Q: Overtreating my hair with chemicals and heat has left it dull, lifeless, and prone to breakage. Help!
A: Most women I know look to conditioners and styling products to improve the appearance of their hair, and these can be helpful,
especially if they don’t contain harsh chemicals. However, the underlying health of hair is determined under the surface of the scalp, in the hair follicle, which looks like a tiny bulb when you pull a hair out by its root. And hair follicles are a time-lapsed picture of the health of your whole body.
All of our cells are continually dying off and being replaced by new ones, some quickly and others more slowly. Cells lining the small intestine, for example, take only 20 minutes to turn over. Skin cells take a few days. But the cells of hair follicles take a whopping three months.
What this means is that your nutritional state today affects the roots of your hair three months from now. And, since hair grows at the rate of a half-inch per month, today’s nutrition influences the first half-inch of your hair growth four months from now.
The Nutritional Hair Challenge
When you eat or take supplements, the human body uses nutrients in a certain order: vital organs get fed first, followed by muscles and bones, connective tissue, skin, nails and, lastly, hair follicles. Consequently, hair is the first to suffer from nutritional shortage.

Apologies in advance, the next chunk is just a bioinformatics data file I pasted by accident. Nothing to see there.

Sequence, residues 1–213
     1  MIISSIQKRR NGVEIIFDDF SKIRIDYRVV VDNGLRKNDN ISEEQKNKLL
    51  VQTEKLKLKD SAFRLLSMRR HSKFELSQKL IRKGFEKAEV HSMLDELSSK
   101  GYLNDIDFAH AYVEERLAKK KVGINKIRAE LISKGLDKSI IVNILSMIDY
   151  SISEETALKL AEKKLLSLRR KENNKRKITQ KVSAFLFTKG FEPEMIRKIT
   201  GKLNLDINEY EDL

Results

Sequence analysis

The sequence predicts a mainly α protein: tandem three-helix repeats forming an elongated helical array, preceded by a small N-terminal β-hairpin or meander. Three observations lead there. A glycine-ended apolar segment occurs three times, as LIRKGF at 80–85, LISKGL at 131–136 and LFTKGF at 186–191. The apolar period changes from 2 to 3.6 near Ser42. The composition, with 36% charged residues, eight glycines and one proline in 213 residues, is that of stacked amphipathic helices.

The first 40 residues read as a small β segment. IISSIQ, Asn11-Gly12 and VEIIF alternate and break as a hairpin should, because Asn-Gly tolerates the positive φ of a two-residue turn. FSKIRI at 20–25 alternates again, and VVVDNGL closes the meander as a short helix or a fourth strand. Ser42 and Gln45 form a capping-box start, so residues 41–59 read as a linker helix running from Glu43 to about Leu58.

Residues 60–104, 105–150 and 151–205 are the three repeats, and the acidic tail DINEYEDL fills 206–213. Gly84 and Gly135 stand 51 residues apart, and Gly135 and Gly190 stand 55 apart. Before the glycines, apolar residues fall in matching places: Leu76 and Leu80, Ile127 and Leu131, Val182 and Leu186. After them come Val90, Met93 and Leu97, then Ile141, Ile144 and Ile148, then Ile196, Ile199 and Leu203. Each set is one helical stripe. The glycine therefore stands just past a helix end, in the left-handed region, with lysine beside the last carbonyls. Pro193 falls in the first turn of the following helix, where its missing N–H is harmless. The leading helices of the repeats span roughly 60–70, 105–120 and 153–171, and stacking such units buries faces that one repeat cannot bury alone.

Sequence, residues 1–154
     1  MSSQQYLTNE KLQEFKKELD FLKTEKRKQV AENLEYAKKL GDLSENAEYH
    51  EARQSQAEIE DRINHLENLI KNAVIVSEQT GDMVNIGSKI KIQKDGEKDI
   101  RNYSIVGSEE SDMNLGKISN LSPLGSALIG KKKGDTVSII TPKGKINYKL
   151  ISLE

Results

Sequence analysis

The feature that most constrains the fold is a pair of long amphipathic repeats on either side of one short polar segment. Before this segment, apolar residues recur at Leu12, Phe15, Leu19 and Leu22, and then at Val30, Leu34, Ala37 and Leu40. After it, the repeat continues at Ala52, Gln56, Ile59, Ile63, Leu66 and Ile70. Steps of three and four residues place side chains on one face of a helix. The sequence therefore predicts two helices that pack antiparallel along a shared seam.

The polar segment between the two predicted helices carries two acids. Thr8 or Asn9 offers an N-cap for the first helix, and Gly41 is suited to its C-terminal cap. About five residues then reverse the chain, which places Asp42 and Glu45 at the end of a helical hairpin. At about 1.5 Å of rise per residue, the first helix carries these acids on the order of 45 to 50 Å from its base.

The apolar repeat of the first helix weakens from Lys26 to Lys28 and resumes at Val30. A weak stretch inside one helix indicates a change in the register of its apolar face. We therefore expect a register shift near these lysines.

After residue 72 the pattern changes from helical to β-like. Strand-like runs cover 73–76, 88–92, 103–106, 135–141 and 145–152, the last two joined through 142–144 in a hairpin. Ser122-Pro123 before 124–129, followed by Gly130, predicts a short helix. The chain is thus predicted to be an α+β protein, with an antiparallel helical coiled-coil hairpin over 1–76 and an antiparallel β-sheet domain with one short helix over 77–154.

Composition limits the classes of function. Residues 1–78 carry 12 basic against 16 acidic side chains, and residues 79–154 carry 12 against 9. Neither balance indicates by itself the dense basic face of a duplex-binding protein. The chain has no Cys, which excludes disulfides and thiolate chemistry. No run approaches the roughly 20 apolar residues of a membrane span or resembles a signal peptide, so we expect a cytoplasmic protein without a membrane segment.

It may surprise you that the most basic problem is a dietary imbalance between protein—the key building block of healthy hair follicles—and fats and carbohydrates. When we eat protein, it is first used to break down fats and carbohydrates, and whatever is left over repairs and maintains all the tissues in a body. If the percentage of protein is too low, the hair follicles are underfed and deteriorate.
A diet with 20-30 percent protein can solve the problem. Choose lean protein sources, such as lean meat, poultry, fish, eggs, or plain Greek yogurt (20-25 grams of protein per serving).
Other beneficial foods include cruciferous vegetables, because they are rich in sulphur, which helps to produce keratin, the key protein in hair follicles, and fish and flax seed for healthy fats.
What to Do
• Check the percentage of protein in your diet with a free smartphone app at http://tracker.dailyburn.com.
• Take supplements to boost keratin, the key protein in hair follicles: Multivitamin with zinc, copper, selenium, chromium, and manganese; MSM (1,000 mg, twice daily); omega-3 fats; gamma-linolenic acid (GLA) for healthy omega-6 fats; and silica, 5 mg, once or twice daily of a purified form, such as BioSil (choline-stabilized orthosilicic acid, or ch-OSA). Silica is also naturally present in horsetail.
• Protein powders: Look for 20 or more gm of protein, low fat content, and no more than 3 gm of carbohydrates per serving.
• If you suspect a thyroid problem, take the test at www.thethyroidquiz.com.
MEET OUR EXPERT
Alan Christianson, NMD, is a naturopathic physician, author of The Complete Idiot’s Guide to Thyroid Disease, and medical director of Integrative Health Care in Scottsdale, Arizona, which he founded in 1997. With a lifelong interest in natural healing that was sparked by personal health challenges as a child, Christianson takes a science-based approach to discover and treat the underlying causes of his patient’s symptoms.